I’ve recently discovered the charming site FoodForFriendsYeah! and have been enjoying the luscious photography and easygoing style. Last week a tantalising curry passed my RSS: butter chicken. Going a little curry gung-ho of late, I couldn’t resist. I had to try, particularly given it’s enthusiastic and passionate write-up. It’d come from a pretty authentic source too.
I set to marinating my chicken in what seemed like a little of everything of my spice drawer mixed with some yoghurt, and left it overnight to have a jolly good party. The real bonus is this is most of the work; next day is just frying onions and adding the chicken mix then baking. One line from the recipe did concern me though:
“Skim off the extra fat carefully (sometimes using kitchen rolls helps).”
What exactly was I dealing with here?! It was true to its word; I laid a piece of kitchen roll over the dish after it came out and within seconds it was sopping. God knows how much fat was left in it after adding a ton o’ cream, butter and yoghurt to it! To try and counteract this carb fest I invented some tori masala as an excuse to have some greenery.
The curry was very tasty but disappointing in some respects. I felt the chicken had toughened in the baking process. If I did it again I would brine the meat for a few hours beforehand to lock in moisture. The texture of the sauce was quite delicious though; creamy and sticking to the chunks of chicken and perfect to scooping up with warmed naan. The flavour itself was overwhelmingly saffron. While this wasn’t unpleasant in itself I felt I’d added a whole boat-load of other spices to no effect. I would be interested in trying it again without the saffron to see if the other aromatics had a chance to fight through. So on reflection a tasty curry, however I suspect with a couple of tweaks could be very great indeed.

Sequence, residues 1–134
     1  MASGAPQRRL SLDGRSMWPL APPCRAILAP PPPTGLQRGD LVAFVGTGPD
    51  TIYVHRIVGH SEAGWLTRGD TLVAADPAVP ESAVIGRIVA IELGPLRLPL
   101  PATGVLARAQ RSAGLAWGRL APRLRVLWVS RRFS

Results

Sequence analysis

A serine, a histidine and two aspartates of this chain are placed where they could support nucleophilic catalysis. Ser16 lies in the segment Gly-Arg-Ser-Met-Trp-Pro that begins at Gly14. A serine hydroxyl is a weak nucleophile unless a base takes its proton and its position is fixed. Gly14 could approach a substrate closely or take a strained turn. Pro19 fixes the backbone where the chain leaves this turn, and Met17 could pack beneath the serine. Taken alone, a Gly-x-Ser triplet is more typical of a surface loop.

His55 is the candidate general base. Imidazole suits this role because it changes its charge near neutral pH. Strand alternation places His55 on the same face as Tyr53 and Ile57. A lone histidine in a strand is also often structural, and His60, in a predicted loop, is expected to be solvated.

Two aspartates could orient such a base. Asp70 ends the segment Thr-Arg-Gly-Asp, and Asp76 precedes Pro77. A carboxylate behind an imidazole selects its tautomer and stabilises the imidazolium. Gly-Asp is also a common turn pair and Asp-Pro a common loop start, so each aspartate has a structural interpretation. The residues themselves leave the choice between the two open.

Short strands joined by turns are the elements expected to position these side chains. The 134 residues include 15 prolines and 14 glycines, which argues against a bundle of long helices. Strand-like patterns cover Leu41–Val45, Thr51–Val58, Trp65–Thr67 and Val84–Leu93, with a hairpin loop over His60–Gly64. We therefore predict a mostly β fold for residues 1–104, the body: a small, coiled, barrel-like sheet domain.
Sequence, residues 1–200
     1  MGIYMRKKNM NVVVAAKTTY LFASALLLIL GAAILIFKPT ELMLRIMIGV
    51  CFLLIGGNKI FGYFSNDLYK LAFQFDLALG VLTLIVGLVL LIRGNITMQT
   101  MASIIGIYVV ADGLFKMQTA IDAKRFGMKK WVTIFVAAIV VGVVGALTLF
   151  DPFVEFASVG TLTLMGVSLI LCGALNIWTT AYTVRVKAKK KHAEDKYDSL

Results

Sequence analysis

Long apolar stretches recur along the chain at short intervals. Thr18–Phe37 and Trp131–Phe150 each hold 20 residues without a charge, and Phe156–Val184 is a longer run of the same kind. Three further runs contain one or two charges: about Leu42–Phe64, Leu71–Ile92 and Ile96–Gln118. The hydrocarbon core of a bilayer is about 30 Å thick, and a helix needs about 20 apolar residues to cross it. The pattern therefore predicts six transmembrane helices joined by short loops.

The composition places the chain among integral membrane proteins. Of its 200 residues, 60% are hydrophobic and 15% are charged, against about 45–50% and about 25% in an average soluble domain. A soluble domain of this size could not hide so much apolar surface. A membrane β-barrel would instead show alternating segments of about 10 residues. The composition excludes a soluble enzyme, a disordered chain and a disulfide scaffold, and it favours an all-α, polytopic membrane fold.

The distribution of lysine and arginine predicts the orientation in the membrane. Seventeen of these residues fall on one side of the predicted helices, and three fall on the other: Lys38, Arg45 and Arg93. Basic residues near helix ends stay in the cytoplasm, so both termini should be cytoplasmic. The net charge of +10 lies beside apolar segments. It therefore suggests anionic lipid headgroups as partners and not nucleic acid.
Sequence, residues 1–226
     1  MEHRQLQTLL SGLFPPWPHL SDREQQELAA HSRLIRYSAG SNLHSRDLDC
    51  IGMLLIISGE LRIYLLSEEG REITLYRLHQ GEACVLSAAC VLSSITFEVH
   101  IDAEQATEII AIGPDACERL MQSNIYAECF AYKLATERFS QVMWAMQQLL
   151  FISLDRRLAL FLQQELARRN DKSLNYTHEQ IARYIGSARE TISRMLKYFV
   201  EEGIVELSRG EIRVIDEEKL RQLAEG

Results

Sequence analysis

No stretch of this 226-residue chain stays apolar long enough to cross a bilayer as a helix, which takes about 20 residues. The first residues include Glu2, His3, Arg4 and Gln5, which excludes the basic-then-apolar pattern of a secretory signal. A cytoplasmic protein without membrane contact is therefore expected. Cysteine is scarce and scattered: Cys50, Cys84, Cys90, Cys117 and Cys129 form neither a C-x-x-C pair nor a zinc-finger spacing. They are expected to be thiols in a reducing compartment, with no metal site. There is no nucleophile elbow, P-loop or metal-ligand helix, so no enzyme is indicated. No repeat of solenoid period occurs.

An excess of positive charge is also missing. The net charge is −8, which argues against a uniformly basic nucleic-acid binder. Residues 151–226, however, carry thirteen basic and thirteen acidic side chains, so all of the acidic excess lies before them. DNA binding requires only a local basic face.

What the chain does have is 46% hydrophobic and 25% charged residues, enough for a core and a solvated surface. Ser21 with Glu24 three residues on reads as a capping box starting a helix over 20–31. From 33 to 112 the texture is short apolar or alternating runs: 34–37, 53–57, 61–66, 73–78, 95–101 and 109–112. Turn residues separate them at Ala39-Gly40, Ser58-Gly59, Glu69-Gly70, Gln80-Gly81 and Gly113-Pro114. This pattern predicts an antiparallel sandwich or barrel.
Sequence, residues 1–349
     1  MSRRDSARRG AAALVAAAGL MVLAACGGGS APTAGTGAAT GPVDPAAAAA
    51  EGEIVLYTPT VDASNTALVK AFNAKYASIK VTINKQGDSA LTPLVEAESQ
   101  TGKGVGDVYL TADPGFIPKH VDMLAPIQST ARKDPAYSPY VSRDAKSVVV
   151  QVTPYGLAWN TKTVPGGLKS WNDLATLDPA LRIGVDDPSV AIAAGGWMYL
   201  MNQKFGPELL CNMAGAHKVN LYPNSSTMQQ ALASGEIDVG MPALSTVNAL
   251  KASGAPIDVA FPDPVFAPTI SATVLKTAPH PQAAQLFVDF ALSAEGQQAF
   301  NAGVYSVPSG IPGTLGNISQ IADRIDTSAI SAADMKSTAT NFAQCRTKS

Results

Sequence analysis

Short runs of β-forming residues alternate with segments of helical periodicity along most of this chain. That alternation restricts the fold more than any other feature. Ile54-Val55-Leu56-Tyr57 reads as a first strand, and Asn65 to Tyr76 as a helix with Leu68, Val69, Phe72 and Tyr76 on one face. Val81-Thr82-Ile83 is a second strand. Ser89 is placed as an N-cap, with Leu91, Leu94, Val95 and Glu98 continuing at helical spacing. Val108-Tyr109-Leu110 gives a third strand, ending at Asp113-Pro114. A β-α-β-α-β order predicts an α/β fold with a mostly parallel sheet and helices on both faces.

P.S. Two days later I ate it warmed up for lunch, and the flavour had improved tremendously. The saffron had dulled and gave away to other spices, notably cardamom. I would recommend making it the day before and reheating for an enhanced dinner, as is so often the case with deeply spiced dishes.
For the marinade:
3cm long ginger, grated
4 cloves garlic, grated
80g ground almonds
¼ teaspoon red chilli powder
¼ teaspoon ground cloves
¼ teaspoon ground cinnamon
1 teaspoon garam masala
4 cardamom pods, seeds only, ground
1 ¼ teaspoon salt
½ teaspoon turmeric
A healthy pinch saffron
1 tin tomatoes
150ml thick, Greek style yogurt
1 kilogram chicken pieces, cut into chunks
For the sauté:
4 tablespoons butter
2 onions, thinly sliced
Handful of coriander leaves
1 teaspoon curry powder
5 tablespoons double cream
- Combine the dry marinade ingredients in a bowl, mixing well. Stir in the yoghurt and tomatoes and add the chicken. Refrigerate overnight and bring out of the fridge an hour before cooking.
- Preheat the oven to 200°C. In a pan melt the butter and add a splash of oil. Sauté the onions until browned and add the curry powder. Stir for a minute then add the chicken mixture and coriander. Continue to fry for a couple of minutes until everything reaches a simmer. Transfer to a baking dish, cover with foil and bake for an hour.
- Remove from the oven and skim off the excess fat. Serve with plenty of naan.